Mitral valve prolapse presenting as a missed myocardial infarction (2023)

Type of publication:Conference abstract

Author(s):*Champaneri K.; *Miller A.

Citation:Journal of the Intensive Care Society. Conference: Intensive Care Society State of the Art Congress, SOA 2023. Birmingham United Kingdom. 24(2 Supplement) (pp 194), 2023. Date of Publication: August 2023.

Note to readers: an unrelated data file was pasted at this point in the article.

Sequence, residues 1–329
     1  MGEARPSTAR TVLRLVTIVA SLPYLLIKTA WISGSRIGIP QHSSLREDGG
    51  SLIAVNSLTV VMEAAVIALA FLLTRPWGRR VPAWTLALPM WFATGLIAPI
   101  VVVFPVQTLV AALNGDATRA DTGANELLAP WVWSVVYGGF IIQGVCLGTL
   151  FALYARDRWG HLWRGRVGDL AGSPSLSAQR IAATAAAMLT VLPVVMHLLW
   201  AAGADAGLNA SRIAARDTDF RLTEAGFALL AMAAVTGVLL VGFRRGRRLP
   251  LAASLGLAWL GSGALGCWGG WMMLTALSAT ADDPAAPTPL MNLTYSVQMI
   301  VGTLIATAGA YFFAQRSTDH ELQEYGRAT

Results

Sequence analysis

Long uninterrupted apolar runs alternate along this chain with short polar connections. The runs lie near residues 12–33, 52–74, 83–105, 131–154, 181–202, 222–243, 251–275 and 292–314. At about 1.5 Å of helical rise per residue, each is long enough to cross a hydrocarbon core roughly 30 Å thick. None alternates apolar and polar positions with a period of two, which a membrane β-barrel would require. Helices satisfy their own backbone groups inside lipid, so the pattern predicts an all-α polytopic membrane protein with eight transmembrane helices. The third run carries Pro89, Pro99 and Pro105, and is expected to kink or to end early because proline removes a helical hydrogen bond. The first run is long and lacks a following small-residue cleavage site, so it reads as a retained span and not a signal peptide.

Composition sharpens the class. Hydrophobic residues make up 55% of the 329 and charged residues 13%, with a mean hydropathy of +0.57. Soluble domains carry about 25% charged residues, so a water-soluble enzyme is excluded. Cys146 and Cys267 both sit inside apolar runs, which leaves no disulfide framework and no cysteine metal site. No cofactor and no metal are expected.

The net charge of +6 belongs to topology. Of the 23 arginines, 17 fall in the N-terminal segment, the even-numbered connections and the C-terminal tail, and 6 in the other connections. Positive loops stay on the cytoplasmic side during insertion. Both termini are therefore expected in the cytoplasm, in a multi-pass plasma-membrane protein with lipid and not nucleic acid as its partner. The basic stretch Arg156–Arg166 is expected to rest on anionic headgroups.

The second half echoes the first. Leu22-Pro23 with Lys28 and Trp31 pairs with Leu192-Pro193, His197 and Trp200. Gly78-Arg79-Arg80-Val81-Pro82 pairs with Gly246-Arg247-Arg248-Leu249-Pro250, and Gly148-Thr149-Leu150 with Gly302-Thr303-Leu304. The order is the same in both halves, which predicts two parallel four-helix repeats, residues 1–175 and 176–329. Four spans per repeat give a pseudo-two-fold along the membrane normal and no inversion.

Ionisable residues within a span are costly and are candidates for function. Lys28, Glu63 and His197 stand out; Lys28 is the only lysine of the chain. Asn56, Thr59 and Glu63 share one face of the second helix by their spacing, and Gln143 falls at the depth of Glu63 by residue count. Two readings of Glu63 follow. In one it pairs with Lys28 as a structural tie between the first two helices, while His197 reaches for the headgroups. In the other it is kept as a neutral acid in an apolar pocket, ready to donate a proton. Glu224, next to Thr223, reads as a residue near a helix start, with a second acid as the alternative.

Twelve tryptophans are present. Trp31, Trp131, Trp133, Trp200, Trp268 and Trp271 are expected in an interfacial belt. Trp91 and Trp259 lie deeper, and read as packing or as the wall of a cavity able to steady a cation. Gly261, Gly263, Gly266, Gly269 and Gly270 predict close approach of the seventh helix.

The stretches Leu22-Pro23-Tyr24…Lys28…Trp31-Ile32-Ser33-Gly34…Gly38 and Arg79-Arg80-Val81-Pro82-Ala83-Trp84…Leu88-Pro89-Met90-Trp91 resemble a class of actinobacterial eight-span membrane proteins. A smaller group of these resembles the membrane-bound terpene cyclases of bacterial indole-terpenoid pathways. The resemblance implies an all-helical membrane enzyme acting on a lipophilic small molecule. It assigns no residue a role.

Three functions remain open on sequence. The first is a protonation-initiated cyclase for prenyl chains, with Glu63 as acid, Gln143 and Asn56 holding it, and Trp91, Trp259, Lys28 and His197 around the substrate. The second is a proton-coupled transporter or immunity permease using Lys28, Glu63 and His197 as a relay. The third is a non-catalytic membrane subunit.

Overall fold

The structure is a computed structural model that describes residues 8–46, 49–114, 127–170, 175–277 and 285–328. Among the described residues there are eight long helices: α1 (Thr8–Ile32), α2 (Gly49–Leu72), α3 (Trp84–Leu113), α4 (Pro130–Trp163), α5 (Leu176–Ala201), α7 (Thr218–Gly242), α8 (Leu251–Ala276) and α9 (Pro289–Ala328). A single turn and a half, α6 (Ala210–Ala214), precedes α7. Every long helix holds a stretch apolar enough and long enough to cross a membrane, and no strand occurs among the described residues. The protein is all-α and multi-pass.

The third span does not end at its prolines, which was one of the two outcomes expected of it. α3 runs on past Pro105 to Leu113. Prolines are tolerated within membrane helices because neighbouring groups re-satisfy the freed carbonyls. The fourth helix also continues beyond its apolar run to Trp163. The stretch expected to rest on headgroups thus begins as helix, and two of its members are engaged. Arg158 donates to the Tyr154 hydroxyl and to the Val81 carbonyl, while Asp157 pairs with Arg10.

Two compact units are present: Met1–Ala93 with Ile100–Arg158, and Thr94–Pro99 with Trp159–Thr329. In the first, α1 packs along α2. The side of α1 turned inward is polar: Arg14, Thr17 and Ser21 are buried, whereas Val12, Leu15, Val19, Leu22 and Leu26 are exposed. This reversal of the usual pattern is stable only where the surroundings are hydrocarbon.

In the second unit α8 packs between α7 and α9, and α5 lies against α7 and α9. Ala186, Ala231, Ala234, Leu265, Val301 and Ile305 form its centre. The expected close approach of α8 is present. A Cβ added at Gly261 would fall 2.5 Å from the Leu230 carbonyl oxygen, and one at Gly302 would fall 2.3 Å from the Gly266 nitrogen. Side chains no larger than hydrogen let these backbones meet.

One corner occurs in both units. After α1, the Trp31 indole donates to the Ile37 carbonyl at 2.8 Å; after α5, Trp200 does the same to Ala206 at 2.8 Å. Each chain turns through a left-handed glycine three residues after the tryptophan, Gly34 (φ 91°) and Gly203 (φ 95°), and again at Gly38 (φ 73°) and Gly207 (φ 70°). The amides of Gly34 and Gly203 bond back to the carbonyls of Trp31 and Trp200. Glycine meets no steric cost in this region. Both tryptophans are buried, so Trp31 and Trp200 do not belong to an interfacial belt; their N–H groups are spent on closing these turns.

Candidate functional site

Abstract:Introduction: An elderly but very active gentleman presented overnight with progressive shortness of breath and leg swelling, two weeks after experiencing chest pain while lifting heavy objects in the garden. The presumed diagnosis was a missed myocardial infarction leading to heart failure exacerbated by a new diagnosis of atrial fibrillation. Despite diuresis and rate control, he became progressively more hypoxic and was taken to ICU for non-invasive ventilation. An initial POCUS scan of heart and lungs by an ultrasound fellow undertaking FUSIC accreditation showed a hyperdynamic heart, pulmonary oedema, and bilateral pleural effusions. The echocardiogram was reviewed and repeated by an advanced level operator which dramatically altered the patient's diagnosis and management. Main body: A gentleman in his early 80s presented to the Emergency Department in type one respiratory failure with a high work of breathing. Examination and investigations demonstrated raised inflammatory markers, new atrial fibrillation with a rate of 140, large bilateral plural effusions, and pitting oedema to the groin. Troponin was normal, and the BNP was 4500. ECG showed no ischaemic changes and CXR was consistent with fluid overload and/or pneumonia. Initial management consisted of supplemental oxygen, diuretics, heart rate control, and antibiotics. Despite this his oxygenation deteriorated and he was admitted to the ICU for CPAP, and metaraminol for his hypotension. An initial FUSIC heart scan did not show any signs of ventricular failure. In fact, the heart was hyperdynamic which was more consistent with sepsis. A lung ultrasound did however demonstrate large bilateral plural effusions and the significant pitting oedema of the lower limbs found on clinical examination still suggested a cardiac cause and so help was asked of an advanced level operator. A review of the images and a repeat scan revealed a severe prolapse of the posterior mitral valve leaflet with free, eccentric mitral regurgitation. The leaflet prolapse was not visible on the 1st set of images and was only discovered by more comprehensive scanning. The patient was reviewed by a cardiologist within 30 minutes and transfer to a tertiary centre for emergency mitral valve repair was arranged. <br/>Conclusion(s): Standard history, examination, and investigations of this patient led to a presumed diagnosis of ischaemic ventricular failure. While a basic heart ultrasound did not reveal the pathology, it did demonstrate signs not consistent with the suspected diagnosis prompting a request for a more comprehensive ultrasound assessment. This revealed the underlying pathology, significantly altering the patient's management. This was all done by intensive care clinicians at the bedside, significantly shortening the time to diagnosis and correct management. This case is a good example of why Intensive Care clinicians should be trained in point of care ultrasound at both basic and advanced levels.

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